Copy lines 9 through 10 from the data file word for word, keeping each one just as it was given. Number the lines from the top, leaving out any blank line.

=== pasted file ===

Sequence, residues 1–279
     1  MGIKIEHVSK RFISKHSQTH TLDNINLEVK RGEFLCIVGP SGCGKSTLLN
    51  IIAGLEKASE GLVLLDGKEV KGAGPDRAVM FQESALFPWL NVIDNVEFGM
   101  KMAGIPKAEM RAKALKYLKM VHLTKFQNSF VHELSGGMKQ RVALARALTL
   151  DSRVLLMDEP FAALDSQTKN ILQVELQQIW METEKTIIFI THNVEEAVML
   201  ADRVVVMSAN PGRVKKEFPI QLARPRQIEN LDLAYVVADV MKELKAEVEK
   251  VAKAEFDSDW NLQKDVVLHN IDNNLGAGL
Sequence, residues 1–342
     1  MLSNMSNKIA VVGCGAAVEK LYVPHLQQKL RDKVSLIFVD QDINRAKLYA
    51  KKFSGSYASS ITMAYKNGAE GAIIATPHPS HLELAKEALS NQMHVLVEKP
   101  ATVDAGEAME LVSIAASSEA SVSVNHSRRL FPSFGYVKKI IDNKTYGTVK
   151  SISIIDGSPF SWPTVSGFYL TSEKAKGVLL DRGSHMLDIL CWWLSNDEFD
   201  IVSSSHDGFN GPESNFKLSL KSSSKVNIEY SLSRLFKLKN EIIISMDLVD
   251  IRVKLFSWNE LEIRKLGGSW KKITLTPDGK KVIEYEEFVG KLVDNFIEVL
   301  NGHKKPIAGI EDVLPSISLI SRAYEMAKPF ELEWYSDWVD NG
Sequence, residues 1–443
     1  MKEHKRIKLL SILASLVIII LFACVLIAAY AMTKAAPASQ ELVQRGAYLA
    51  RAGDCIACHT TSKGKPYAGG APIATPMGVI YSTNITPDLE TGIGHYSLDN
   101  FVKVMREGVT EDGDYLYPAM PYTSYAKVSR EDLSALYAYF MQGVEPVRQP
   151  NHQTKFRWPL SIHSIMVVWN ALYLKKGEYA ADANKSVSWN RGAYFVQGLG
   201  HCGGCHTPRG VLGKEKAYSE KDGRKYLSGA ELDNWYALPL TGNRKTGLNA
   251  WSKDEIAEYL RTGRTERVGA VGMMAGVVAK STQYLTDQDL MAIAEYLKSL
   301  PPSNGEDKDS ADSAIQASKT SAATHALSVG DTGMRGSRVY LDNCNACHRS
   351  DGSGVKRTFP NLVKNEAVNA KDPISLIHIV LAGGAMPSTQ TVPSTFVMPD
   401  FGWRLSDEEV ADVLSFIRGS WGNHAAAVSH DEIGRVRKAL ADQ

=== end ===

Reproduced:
     1  MLSNMSNKIA VVGCGAAVEK LYVPHLQQKL RDKVSLIFVD QDINRAKLYA
    51  KKFSGSYASS ITMAYKNGAE GAIIATPHPS HLELAKEALS NQMHVLVEKP